candlestick

1851


The Collected Letters, Volume 26


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JWC TO HELEN WELSH; 4 July 1851; DOI: 10.1215/lt-18510704-JWC-HW-01; CL 26: 98-100


JWC TO HELEN WELSH

Friday [4 July 1851]

Dearest Helen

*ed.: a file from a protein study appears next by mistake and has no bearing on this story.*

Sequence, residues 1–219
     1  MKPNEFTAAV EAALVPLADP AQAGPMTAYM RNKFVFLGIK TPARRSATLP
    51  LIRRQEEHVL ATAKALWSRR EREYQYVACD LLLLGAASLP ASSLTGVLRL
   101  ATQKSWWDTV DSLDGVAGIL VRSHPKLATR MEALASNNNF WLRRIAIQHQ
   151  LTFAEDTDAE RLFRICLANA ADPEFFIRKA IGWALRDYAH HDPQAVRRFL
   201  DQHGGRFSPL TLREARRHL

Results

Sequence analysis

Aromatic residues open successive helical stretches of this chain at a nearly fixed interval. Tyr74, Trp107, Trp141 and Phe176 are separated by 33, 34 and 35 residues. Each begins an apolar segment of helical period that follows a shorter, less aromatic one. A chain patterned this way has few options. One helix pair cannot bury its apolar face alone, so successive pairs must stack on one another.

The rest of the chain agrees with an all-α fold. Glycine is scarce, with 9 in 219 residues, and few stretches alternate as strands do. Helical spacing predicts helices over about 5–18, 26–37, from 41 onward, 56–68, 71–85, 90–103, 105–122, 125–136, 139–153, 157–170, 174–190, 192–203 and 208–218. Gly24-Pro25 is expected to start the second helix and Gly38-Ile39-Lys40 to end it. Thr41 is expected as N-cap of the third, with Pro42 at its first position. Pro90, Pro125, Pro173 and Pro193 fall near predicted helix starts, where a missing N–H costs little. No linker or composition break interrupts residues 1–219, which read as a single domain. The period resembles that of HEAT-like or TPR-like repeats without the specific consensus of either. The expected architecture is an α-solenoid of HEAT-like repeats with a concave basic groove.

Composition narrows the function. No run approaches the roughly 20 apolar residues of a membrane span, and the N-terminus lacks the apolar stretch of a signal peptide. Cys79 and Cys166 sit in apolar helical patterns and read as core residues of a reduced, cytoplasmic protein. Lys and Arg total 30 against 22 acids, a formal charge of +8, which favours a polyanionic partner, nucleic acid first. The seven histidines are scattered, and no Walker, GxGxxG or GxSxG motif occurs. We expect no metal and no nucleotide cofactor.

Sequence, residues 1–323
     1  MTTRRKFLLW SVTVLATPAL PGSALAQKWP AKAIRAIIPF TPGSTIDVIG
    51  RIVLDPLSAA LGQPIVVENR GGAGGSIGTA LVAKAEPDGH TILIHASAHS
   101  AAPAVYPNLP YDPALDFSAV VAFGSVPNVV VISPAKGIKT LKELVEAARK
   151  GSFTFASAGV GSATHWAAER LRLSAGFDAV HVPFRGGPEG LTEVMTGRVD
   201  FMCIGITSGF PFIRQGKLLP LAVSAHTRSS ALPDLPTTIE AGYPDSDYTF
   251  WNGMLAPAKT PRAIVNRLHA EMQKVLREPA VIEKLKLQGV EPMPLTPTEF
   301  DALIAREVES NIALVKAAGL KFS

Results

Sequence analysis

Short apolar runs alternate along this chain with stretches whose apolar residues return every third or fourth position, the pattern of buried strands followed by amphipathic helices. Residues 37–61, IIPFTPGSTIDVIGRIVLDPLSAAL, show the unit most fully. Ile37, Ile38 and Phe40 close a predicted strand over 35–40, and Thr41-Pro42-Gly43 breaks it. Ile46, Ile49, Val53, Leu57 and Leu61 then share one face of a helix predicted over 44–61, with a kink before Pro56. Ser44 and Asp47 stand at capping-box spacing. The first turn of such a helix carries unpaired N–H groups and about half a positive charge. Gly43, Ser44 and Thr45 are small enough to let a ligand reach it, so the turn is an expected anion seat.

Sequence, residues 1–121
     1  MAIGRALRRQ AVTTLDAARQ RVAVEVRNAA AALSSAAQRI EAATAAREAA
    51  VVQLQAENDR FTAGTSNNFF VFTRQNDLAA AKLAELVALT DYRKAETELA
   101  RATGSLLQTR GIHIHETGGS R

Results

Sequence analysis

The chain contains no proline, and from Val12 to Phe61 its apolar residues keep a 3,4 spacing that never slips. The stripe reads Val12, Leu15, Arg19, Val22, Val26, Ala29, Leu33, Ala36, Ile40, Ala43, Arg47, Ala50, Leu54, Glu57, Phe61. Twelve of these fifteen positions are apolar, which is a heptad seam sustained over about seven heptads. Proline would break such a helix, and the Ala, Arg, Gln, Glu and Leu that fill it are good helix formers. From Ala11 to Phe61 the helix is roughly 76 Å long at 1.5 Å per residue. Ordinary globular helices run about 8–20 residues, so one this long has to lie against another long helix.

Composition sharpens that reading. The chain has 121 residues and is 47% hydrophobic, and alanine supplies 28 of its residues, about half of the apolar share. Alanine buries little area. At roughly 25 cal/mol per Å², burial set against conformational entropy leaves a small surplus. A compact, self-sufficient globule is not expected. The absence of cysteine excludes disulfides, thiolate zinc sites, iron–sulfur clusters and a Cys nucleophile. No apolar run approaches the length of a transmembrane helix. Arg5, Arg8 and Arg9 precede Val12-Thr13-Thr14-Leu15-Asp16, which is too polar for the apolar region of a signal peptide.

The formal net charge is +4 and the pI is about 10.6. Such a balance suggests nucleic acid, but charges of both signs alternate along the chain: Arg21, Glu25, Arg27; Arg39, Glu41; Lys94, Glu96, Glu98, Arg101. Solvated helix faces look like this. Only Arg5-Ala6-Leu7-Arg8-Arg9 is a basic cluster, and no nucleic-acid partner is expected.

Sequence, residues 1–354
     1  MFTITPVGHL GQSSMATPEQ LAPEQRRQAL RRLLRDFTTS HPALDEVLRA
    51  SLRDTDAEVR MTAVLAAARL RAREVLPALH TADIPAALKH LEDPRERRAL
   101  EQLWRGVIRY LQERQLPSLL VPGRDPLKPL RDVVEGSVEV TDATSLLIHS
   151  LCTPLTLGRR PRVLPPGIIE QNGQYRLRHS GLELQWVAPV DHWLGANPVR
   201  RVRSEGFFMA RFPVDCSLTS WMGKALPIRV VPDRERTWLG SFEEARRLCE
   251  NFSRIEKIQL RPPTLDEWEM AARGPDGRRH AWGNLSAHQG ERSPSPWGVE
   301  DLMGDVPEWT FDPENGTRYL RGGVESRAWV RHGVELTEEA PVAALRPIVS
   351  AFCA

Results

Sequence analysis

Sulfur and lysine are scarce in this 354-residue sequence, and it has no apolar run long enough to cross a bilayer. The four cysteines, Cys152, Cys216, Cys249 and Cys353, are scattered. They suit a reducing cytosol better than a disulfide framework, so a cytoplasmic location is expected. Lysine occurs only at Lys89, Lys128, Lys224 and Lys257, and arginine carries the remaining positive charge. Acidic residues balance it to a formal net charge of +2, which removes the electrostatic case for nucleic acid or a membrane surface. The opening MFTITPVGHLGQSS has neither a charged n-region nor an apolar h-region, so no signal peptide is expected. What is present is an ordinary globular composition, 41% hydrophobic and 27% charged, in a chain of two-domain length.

It was a capital thought in you to write that little note. You can hardly imagine how cheering it was, on my return home, fagged to death and out of humour with “things in general.”1 I almost wished on the way home that the Devil of a Fly might have again failed you and that I might find you after all—but it was better not—and neither would it have been better had we made an appointment after the Lecture—the Lecture terminated at twenty minutes before five!!2 Thackeray having seen fit to give a long rigmarole about the dignity of the Litrary profession into the bargain, which I as mixed up in that profession found to be rather derogatory to his own dignity, and unspeakably boring— Mr C could hardly sit still and hold his tongue, and dashed off the instant he ceased speaking, down a side door that nobody found out before, I following and the whole thing was vexatious. Harriet Martineau sat next me3— I am glad the Lectures are done and shouldn't mind if every thing were done;4 so far as I am concerned I feel so weary and sick— I hope to get a line from you tomorrow morning—I have no time to write this morning, and no paper—and no spirits—but I need to thank you for your note so well timed—giving me the only cheering possible under the circumstances— Ann has been praising you highly this morning “such a very nice young Lady—always in one way”— Nero smelt of the castor oil all night, and I have had to wash him, the first thing after breakfast— Then I took to redding up to shake off the sense of loneliness from your absence—and now I am going off to return these new peoples calls god help me—Ever affectionately yours J C